existing skills rather than to create new ways to complete
a task[27].
A few issues were left unresolved in this work, however.
Although the hierarchy of power between experts and
novices is relatively clear, Lave and Wenger offered little
insight into the potential for conflicts among experts or
among novices[27]. Furthermore, although they stressed
that CoPs cannot be purposefully formed by organiza-
tions, apprenticeship programs and clinical placements
can be formally developed for mentoring new health pro-
fessionals and trainees. It is unclear whether these pro-
grams still fit within the concept of CoP.
The view of 'learning on the job' is supported by Brown
and Duguid's[28] 1991 publication, but in a slightly dif-
ferent way. They argued that all canonical (abstracted,
orthodox, managerial) accounts of work were inflexible,
impractical, and flawed, and that 'local understanding' of
a problem was required to solve a problem and complete
a task. As such, they used the CoP concept to describe how
workers engage in informal groups both at work and off
the job to share information and to develop new solutions
for job-related problems. The latter deviated from Lave
and Wenger's focus on existing skills, and moved on to the
creation of new knowledge.
Brown and Duguid also focused on the close relationships
among working, learning, and innovating for workers,
and stressed the importance of the social environment in
advancing practitioners' skills and knowledge in organiza-
tions. They encouraged interaction of workers across dif-
ferent communities within and outside of their own
organisation, a concept known as 'community-of-com-
munities' [28]. The underlying assumption of this work is
that everyone involved is viewed as equal. However, in
reality the dynamics among individuals are likely more
complex, especially when one community has power over
another (e.g., a manager community versus a technician
community in the same organization), or when they are
in direct competition. Furthermore, communities may
have different goals, cultures, and politics, all of which
may pose challenges for individuals who attempt to bal-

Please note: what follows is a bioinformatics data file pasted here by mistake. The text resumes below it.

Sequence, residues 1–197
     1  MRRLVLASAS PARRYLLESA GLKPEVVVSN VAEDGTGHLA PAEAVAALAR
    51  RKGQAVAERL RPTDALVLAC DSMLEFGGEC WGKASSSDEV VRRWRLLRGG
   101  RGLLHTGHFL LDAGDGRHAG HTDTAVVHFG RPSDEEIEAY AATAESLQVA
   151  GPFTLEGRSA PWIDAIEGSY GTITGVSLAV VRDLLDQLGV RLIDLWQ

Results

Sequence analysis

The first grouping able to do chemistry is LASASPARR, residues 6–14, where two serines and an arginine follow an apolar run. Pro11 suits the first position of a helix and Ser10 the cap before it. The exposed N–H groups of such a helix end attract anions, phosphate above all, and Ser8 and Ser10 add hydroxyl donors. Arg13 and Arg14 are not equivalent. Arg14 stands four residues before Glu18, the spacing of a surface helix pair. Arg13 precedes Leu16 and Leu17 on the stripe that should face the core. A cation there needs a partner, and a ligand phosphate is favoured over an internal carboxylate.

ance their participation across different communities[29].
Despite these issues, Brown and Duguid downplayed the
potential conflicts, and their interpretation of the CoP
concept might therefore have been overly optimistic.
Wenger (1998)
Wenger used situated learning as his building block to
expand the concept of the CoP in his 1998 book. He bor-
rowed theoretical aspects from education, sociology, and
social theory to refine the CoP concept, with a focus on
socialization and learning, and the individual's identity
development. His discussion was based on a case study of
how medical claims processing clerks interact with each
other and share information for doing routine office
work. Instead of expanding the concept based on the nov-
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ice-expert relationship, this book described CoP as an
entity bounded by three interrelated dimensions: mutual
engagement, joint enterprise, and a shared repertoire.
'Mutual engagement' represents the interaction between
individuals that leads to the creation of shared meaning
on issues or a problem. 'Joint enterprise' is the process in
which people are engaged and working together toward a
common goal. Finally, 'shared repertoire' refers to the
common resources and jargons that members use to nego-
tiate meaning and facilitate learning within the group. The
three dimensions attempt to outline the process of indi-
viduals' interactions within CoP groups, but it is not clear
what distinguishes them from other group structures. For
example, members of a multidisciplinary care team work
together to improve the health of their patients (i.e., joint
enterprise), communicate with each other about patient
care (i.e., mutual engagement), and develop ways and
resources to adapt practice guidelines in their work (i.e.,
shared repertoires). In this case, it would not be unreason-
able to argue that a multidisciplinary team that operates
on these three axes is a CoPs[30]. However, it is less clear
if the team is still a CoP if its internal communications are
less than frequent, if team members rarely socialise with
each other, and if half of the members do not use the
available resources to improve practice.
Wenger's 1998 publication contains his first discussion of
the importance of trajectories through different levels of
participation within a group, and the tension of individu-
als belonging to multiple groups that are collaborating or
competing, or have no relations with each other. In addi-
tion to the three dimensions, he also proposed 14 indica-
tors for detecting the presence of a CoP, although most of
them are rather abstract. These indicators are presented in
Table 2 with our interpretation of the representative